As soon as I spot Katy hitching up the travel trailer, I know she is going someplace fun. I start my paw-bounce to show her I want to go along. Since I'm a 65-pound rescue lab/golden retriever mix, I'm kind of hard to miss. I include a few woofs to make sure she knows I want in. “Yes, Romeo, you’re coming. We’re going camping and to Colombia County's Wuffstock Festival.” Wuff-derful! I love camping, and anything with “Wuff” in the title sounds like a good time to me.
Katy tells Google map “Ichetucknee Springs Campground,” and we’re off. Head out the window, tongue out, ears flapping in the wind, this trip is off to a good start. After we arrive and get unhitched, Katy attaches my leash and I hop back in the car and we head to Ichetucknee Springs State Park, half a mile down the road. I love this place! There’s so much to sniff here! We head down the shady Trestle Point Trail, which runs alongside the sparkling crystal blue water of the Ichetucknee River. I see something moving on a big log out in the water and lift my nose. Turtles! I want to get closer to them and sniff them but Katy stops me. Kids and their families are floating on tubes and rafts down the river. They are all laughing and seem to be having so much fun. I want to jump in and splash around but wait….what’s that? A huge squirrel darts out from behind a tree. My four paws automatically start a-running after him but my leash stops me. Dang squirrel. Oh, hey, what’s this? A mud puddle. Just as good. I flop down in it, to Katy’s squeals of protest.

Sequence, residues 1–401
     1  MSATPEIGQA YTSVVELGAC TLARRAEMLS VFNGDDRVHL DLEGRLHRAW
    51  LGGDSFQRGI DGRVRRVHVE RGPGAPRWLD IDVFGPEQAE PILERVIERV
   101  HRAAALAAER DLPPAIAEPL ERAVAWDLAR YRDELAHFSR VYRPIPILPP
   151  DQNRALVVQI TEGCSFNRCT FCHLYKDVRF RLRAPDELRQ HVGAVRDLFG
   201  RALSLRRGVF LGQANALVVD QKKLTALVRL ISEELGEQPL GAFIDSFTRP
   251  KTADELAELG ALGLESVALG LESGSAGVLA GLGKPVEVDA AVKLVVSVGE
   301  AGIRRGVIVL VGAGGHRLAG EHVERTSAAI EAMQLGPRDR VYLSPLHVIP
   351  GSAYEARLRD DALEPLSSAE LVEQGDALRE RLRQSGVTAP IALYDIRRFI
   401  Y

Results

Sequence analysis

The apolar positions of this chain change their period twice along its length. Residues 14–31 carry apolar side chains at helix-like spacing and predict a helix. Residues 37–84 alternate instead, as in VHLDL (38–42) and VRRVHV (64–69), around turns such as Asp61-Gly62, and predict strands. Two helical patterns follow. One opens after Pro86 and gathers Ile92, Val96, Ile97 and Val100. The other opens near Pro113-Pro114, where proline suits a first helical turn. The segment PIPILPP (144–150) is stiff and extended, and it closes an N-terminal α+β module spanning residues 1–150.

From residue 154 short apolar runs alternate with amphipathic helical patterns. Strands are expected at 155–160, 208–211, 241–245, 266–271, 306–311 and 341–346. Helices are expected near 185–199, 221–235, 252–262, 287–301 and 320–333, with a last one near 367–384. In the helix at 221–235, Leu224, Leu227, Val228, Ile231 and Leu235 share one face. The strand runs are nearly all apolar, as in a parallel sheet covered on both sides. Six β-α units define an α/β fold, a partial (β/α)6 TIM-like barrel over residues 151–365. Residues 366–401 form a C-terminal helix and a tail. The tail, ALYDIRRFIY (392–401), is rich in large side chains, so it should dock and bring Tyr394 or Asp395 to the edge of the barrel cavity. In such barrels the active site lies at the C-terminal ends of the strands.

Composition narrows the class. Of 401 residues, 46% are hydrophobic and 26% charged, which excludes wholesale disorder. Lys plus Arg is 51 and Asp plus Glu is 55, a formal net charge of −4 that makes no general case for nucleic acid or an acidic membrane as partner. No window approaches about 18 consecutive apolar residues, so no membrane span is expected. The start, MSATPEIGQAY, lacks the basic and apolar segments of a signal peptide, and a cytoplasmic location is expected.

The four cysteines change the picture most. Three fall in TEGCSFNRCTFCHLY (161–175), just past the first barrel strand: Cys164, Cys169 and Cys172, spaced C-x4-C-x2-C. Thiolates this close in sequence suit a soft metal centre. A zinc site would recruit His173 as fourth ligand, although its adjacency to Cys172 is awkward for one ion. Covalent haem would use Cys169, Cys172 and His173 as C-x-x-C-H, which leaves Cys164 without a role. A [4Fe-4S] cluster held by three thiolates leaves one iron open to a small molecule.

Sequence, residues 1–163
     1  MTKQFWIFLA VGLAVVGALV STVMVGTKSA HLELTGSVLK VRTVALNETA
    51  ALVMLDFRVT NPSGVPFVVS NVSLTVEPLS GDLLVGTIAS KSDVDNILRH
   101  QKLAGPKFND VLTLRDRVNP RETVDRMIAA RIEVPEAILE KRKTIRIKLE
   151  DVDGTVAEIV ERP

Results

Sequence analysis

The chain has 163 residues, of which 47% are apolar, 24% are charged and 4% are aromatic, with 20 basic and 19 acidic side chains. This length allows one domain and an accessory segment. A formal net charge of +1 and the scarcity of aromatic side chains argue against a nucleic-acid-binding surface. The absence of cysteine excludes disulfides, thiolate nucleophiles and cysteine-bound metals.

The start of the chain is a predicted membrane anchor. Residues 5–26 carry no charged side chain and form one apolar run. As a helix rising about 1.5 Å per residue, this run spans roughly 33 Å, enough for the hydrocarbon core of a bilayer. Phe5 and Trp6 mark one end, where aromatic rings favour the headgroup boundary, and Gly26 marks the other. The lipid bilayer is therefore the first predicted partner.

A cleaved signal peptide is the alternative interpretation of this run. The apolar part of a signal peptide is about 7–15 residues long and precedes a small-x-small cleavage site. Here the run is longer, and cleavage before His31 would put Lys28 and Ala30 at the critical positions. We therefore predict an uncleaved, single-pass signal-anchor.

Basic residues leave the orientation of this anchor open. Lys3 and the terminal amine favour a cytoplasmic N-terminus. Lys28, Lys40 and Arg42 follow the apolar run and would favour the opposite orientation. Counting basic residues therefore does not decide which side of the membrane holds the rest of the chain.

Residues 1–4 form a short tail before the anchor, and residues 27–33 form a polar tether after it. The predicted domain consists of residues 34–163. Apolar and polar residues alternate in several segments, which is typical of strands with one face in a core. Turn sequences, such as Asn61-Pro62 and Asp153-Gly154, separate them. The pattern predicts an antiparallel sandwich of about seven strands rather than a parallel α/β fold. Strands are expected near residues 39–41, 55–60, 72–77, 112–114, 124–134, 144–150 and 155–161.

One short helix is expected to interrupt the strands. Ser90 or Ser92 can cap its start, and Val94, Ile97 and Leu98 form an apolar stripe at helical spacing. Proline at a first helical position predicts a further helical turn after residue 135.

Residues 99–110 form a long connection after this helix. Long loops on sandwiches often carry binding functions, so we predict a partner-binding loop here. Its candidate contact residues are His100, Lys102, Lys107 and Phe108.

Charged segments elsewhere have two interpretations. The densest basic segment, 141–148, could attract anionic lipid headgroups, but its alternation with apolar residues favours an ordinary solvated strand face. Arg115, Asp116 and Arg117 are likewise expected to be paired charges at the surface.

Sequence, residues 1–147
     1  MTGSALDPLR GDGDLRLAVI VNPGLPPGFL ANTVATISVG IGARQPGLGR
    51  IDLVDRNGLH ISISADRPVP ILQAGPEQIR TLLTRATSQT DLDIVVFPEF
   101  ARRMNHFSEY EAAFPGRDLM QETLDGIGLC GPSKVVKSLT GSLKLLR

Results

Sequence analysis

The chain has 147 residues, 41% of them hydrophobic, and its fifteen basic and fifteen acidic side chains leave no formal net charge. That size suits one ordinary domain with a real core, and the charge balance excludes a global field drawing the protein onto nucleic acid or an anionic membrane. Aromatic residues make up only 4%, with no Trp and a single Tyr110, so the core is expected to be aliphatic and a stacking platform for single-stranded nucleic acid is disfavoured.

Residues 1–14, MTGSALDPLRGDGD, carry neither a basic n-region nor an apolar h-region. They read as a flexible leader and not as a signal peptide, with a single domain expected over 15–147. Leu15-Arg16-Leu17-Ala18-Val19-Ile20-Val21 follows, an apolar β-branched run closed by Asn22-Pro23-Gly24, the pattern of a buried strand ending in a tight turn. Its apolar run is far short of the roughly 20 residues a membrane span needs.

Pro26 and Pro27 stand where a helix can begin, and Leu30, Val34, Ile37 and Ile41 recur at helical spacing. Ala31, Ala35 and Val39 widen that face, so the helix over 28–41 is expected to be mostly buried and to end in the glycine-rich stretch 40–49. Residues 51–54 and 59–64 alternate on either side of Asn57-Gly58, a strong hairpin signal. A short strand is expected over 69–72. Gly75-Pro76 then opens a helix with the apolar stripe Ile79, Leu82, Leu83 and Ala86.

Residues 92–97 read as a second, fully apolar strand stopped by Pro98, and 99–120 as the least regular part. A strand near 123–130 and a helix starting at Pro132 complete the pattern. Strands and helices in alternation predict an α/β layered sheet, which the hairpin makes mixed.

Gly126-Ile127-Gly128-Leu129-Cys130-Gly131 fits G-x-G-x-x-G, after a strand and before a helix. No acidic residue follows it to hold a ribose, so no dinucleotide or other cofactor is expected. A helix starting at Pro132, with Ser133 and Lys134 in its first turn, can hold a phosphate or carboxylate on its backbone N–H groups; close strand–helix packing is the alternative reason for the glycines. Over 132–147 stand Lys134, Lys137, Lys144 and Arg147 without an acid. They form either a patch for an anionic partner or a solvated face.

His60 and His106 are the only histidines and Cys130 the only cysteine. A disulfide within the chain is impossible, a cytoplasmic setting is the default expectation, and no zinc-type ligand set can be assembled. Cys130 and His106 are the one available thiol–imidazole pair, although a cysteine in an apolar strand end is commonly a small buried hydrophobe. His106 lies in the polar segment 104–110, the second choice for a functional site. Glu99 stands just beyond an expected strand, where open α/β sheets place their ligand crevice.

After shaking off, I jump in the car. Where to next? I look at my human. When we pull into the parking lot of Pet Supermarket I let out a woof of excitement. Treats! Inside, my tail goes into auto-wag. My puppy-browns see rows and rows of bones, rawhide chews, pig’s ears. I start drooling.